For manufacturing, wholesale, and retail businesses, holding the right amount of inventory is a critical, but often-overlooked, skill to ensure profitable growth.
Many businesses struggle with finding the optimal amount of inventory to hold in their warehouses. On the one hand, having too much stock results in higher warehousing costs. On the other hand, having too little inventory puts you at risk of stock-outs, lost sales, and dissatisfied customers.
While not having optimal inventory levels is a problem, inaccurate inventory numbers can be even costlier. Retailers lose $1.75 trillion a year for this reason, and that figure is forecasted to grow.
Thus, to successfully grow your wholesale business, it is essential to manage your inventory as accurately and optimally as possible.
One key to managing your inventory better is utilizing the right inventory reports. Accurate, up-to-date inventory reports enable easy discovery of favorable trends and quick identification of gaps and inefficiencies. Using these insights, you can take steps to grow profitably while eliminating time and resource waste.
Now, what types of reports allow you to get this information quickly? How can you synthesize all of the important data your business generates down to the key insights you need? What reports drive you to those key insights and are therefore the most important for your business? We’ve compiled a list of 8 inventory management reports that you can use to improve your business.
1. Multi-Stock Location Report
A multi-stock location inventory report enables your business to track inventory across all of your stock locations, warehouses, or distribution centers. With it, you can quickly gain visibility into the inventory quantities at each site. This information allows you to create a more efficient production process. If one location is low on inventory, you have the option of deciding if you should order more stock from your suppliers or if transferring inventory from a warehouse in close proximity would be better.
2. Inventory On-Hand Report
Sometimes knowing how much inventory is in your warehouse is not enough. Your total inventory numbers include goods waiting to be sold and goods already allocated to outgoing customers’ orders. With an inventory on-hand report, you can accurately gauge the disparity between allocated stock and available stock, resulting in fewer stock-outs and more sales opportunities.
3. Inventory Change Report
When analyzing the inventory outflow, knowing how many products are entering and exiting your warehouses is insufficient. Instead, understanding the “why” is essential to capturing efficiencies. For that, use an inventory change report to track how inventory is being depleted and why. Being selective with assigning reasons when making stock transfers or adjustments will make future analysis easier and allow a better understanding of stock movements and easier understanding of waste.
4. Stock-Reorder Report
A stock re-order report indicates when a re-order of goods is necessary. Re-order points are typically unique to each product since they are a factor of delivery lead times, sales, and safety stock. Additionally, a product kept at multiple stock locations may have different re-order points depending on the location of warehouse and sales throughput from that location. Using a stock re-order report for each stock location to understand what products to replenish, helps you avoid low-stock and stock outs situations.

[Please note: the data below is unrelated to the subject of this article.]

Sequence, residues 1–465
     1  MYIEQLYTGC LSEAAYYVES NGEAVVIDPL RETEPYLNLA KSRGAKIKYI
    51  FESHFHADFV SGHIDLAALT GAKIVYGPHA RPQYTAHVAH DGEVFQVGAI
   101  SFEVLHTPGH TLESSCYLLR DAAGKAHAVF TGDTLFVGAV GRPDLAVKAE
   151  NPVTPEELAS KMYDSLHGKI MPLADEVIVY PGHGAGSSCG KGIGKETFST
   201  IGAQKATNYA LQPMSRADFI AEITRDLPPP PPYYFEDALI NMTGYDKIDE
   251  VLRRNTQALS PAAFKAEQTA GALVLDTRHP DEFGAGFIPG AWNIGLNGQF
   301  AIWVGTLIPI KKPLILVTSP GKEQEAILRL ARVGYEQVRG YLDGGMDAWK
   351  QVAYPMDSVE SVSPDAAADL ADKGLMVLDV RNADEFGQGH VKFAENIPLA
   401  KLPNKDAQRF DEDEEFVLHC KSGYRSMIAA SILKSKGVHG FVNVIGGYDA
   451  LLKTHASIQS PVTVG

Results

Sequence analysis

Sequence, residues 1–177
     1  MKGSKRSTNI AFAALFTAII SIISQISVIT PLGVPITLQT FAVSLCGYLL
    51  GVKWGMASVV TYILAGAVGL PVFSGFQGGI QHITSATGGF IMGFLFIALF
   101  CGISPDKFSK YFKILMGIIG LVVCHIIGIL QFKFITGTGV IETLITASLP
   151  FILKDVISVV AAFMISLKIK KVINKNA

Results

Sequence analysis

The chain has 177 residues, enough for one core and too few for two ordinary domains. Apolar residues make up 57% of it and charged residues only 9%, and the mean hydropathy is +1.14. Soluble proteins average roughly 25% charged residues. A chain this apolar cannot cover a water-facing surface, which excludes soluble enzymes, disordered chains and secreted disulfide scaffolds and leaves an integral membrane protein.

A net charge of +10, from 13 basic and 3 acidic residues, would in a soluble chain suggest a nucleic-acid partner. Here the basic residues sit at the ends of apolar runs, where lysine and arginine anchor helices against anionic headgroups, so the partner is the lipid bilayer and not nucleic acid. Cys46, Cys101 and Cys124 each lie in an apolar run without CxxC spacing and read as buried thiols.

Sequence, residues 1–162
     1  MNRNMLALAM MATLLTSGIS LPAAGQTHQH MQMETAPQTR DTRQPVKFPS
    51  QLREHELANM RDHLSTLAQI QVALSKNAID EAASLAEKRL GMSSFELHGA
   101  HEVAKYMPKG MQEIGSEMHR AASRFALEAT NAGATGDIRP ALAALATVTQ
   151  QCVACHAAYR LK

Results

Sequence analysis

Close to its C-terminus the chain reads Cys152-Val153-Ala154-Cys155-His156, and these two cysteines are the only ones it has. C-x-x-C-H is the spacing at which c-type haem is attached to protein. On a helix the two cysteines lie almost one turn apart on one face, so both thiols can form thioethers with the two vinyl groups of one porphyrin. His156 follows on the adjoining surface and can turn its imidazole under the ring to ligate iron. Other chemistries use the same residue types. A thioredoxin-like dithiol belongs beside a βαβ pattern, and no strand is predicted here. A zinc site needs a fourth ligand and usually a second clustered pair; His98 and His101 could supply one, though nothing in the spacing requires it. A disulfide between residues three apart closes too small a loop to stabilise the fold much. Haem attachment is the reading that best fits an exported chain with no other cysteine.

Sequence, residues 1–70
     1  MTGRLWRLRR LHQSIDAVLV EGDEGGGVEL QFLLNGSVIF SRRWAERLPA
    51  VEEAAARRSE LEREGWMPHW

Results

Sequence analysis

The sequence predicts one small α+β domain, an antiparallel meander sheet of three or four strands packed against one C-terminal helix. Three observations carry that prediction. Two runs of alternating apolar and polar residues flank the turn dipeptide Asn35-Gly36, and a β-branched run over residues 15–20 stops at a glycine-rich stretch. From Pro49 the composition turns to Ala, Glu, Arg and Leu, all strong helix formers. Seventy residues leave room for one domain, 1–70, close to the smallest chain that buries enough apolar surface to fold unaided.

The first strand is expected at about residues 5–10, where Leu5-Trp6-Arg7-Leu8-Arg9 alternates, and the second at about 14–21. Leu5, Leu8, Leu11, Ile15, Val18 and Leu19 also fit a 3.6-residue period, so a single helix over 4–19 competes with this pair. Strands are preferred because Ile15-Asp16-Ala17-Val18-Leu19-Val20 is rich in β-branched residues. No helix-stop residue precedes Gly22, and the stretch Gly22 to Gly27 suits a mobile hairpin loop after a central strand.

5. Purchase Order Report
Now you’ve taken steps to account for inventory going out of your business and on the shelves. However, it is also critical to track and manage incoming inventory. A purchase order report allows you to track what stock is incoming and when it will be arriving at your warehouse. Using a purchase order report, you can then account for incoming product appropriately, plan ahead on order fulfillment, and prevent over-ordering, helping to streamlining your entire supply chain.
Warehousing And Fulfillment
6. Inventory Pick List Report
A pick list is a list of items for your operations team to take from inventory. Typically this is for the purpose of fulfilling customers’ orders for the day or for supplying to the production of finished goods. The use of pick lists enables accurate inventory on-hand numbers because it includes consideration of inventory dedicated to orders or production.
7. Inventory Packing List
An inventory packing list or production report details the total amount of each item required to fulfill each customer’s order. It allows you to take into account each customer’s orders and how the finished goods inventory should get assigned separately for each customer. With it, you can quickly check that each customer order contains the right products in the right quantities.
8. Sales Reports
Ultimately, business success is dependent on revenue which comes from product sales to customers. A sales report helps you to analyze your company’s performance. To have a good sales report, you will need to be able to break your sales down into different time periods, for various products, and customer level. Through these different insights, you can uncover trends to help you identify your top customers, and help you forecast inventory better in the future.
These 8 inventory reports are a great starting point for business to analyze their inventory management and business performance. Most companies know that having inventory reports are important for business growth. Unfortunately, most find this to be a very time-consuming process when just running the business is hard enough.
With Sweet, real-time inventory reports are generated instantly using your current inventory data. Sweet is an affordable inventory and order management platform designed to help small to medium business.
Get in touch with us to find out how Sweet can help you solve your inventory reporting needs.